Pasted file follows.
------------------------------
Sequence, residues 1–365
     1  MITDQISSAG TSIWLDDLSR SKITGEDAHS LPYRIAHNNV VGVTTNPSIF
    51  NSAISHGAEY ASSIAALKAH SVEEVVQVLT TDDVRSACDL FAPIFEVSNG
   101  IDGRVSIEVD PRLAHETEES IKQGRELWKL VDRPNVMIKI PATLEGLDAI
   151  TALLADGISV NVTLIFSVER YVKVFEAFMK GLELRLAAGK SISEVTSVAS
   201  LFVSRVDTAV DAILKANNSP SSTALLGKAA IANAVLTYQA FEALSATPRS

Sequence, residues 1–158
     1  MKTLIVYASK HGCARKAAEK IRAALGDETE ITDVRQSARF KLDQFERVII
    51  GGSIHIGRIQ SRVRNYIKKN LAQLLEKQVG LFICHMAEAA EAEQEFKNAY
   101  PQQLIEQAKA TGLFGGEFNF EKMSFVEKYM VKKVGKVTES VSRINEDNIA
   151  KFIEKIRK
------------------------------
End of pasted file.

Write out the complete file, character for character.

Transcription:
Sequence, residues 1–365
     1  MITDQISSAG TSIWLDDLSR SKITGEDAHS LPYRIAHNNV VGVTTNPSIF
    51  NSAISHGAEY ASSIAALKAH SVEEVVQVLT TDDVRSACDL FAPIFEVSNG
   101  IDGRVSIEVD PRLAHETEES IKQGRELWKL VDRPNVMIKI PATLEGLDAI
   151  TALLADGISV NVTLIFSVER YVKVFEAFMK GLELRLAAGK SISEVTSVAS
   201  LFVSRVDTAV DAILKANNSP SSTALLGKAA IANAVLTYQA FEALSATPRS

Sequence, residues 1–158
     1  MKTLIVYASK HGCARKAAEK IRAALGDETE ITDVRQSARF KLDQFERVII
    51  GGSIHIGRIQ SRVRNYIKKN LAQLLEKQVG LFICHMAEAA EAEQEFKNAY
   101  PQQLIEQAKA TGLFGGEFNF EKMSFVEKYM VKKVGKVTES VSRINEDNIA
   151  KFIEKIRK